The NLD’s three big challenges

The NLD government must meet three main challenges to achieve its agenda for reform and development and they all involve its relationship with the Tatmadaw.

By SITHU AUNG MYINT | FRONTIER

The historic handover of power to the National League for Democracy government headed by Daw Aung San Suu Kyi was accomplished smoothly last week.

Because of its comfortable majorities in the Pyithu Hluttaw and the Amyotha Hluttaw, the NLD has total control over the government and is able to enact any law.

However, under the 2008 Constitution, the Tatmadaw stands as a separate entity. Unelected Tamtadaw MPs hold 25 percent of the seats in parliament – giving them an effective veto over constitutional reform – and the military appoints the ministers of defence, home affairs and border affairs. Under these circumstances, will the new government be able to bring the peace and development that the country so desperately needs?

This week I would like to explore the main challenges facing the government.

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The most important objective of the new government is to create the peace and stability necessary to manage the country effectively and avoid any possibility of a situation that could lead to military intervention in the form of a coup d’etat. I must frankly say that such a scenario is possible. This is why the most important challenge confronting the NLD is to maintain good relations with the Tatmadaw and persuade it to cooperate in the reform process.

There was widespread popular concern after the election about whether the Tatmadaw would accept the result and cooperate with the NLD. The reason for the concern was that a series of former military governments had never accepted such a situation.

Another cause for concern was the failure of talks between Suu Kyi and Tatmadaw Commander-in-Chief Senior General Min Aung Hlaing to produce agreement. The Tatmadaw chief did not accept the NLD’s proposal to suspend Section 59(f) of the Constitution to allow Suu Kyi to become president, and she opposed his demand to appoint the chief ministers of Yangon Region and Kachin, Rakhine and Shan states.

There was also disagreement between NLD and Tatmadaw MPs over nominations for the presidency and the nine-member Constitutional Tribunal, the highest body to rule on disputes involving the charter. More such disagreement is likely.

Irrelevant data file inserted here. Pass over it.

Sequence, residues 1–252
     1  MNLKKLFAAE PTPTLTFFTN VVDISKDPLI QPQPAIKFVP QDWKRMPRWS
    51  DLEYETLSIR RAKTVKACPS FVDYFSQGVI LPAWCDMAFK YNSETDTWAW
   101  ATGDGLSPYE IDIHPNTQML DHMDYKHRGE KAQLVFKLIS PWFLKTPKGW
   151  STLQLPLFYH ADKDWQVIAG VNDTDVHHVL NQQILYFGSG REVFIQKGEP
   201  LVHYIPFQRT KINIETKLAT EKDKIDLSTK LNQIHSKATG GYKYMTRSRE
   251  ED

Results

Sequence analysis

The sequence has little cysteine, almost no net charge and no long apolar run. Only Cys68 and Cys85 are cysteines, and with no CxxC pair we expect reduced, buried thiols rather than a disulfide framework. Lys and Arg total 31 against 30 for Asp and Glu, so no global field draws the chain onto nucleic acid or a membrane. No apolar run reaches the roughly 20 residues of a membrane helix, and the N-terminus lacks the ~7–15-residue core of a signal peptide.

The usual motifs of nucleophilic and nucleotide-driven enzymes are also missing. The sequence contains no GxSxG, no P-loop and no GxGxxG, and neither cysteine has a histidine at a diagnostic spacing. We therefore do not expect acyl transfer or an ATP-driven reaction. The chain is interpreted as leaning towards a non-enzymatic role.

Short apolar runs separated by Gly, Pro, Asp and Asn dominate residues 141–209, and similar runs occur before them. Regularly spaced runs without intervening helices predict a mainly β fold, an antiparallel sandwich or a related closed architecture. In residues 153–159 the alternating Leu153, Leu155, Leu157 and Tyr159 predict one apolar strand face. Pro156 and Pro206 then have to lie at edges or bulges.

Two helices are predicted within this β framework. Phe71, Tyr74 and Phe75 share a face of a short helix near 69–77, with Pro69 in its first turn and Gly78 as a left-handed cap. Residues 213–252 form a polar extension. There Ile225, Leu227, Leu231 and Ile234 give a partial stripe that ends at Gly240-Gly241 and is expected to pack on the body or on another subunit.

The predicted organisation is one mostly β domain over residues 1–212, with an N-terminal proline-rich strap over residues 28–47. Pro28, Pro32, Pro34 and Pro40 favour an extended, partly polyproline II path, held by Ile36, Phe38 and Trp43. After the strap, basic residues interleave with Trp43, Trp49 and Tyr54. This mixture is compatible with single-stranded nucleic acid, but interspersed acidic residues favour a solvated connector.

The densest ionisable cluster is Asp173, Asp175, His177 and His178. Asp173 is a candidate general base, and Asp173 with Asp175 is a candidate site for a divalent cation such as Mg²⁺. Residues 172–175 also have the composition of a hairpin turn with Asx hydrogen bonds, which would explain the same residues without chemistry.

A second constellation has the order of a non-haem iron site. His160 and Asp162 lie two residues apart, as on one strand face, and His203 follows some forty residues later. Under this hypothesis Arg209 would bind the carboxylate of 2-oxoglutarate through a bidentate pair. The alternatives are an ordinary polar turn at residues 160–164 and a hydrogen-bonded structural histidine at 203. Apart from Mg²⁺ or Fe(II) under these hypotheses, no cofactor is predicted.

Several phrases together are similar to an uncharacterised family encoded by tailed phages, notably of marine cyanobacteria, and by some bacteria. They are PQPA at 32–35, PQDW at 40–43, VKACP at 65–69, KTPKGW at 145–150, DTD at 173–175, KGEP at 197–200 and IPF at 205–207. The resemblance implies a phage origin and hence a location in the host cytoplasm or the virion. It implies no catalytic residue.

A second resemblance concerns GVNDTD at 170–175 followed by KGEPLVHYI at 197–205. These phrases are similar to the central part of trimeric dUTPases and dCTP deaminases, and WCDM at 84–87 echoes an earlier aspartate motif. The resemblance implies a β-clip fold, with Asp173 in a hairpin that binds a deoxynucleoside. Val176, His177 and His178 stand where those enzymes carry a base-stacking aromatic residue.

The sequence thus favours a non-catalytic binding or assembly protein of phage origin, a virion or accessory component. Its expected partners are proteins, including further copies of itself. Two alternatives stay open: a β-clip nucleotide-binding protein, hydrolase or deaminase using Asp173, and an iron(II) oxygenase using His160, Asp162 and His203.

Addressing a ceremony marking Armed Forces Day in Nay Pyi Taw on March 27, Sen-Gen Min Aung Hlaing said there were two main obstacles to the democritisation process. One was a weakness in adhering to rules and regulations and the other was the armed insurgency, he said, warning they could lead to a “chaotic democracy”.

If there is a change for the worse and Myanmar changes course, it will be because senior Tatmadaw officers have never had the experience of working with a civilian government and wealthy former generals and their cronies are uncomfortable with the present situation.

In such circumstances, it is imperative for the NLD to maintain friendly relations with the Tatmadaw and implement a firm policy of national reconciliation. If the NLD cannot enjoy good relations with the Tatmadaw it will not be able to work for the benefit of the country and the people.

The next challenge is to develop the economy and the nation and ensure that the benefits reach the millions of citizens at grassroots level. International experience shows that successful reform governments have raised the living standards of most of their people. If economic growth does not benefit the grassroots there will be a risk of instability that could be exploited by those who want to reverse the course of reform.

The third challenge is building peace and ending armed conflict. An absence of peace will pose difficulties for economic development. Achieving peace will require the NLD and Suu Kyi to work with the Tatmadaw and ethnic groups. It will not be easy to negotiate a way out of the quagmire of 70 years of civil conflict that involves issues ranging from sharing natural resources to self-interest. A failure to meet this challenge could also result in a reversal of course.

As the NLD settles in to the responsibility of government it faces a host of challenges, of which the three outlined above are the most important and must be addressed.

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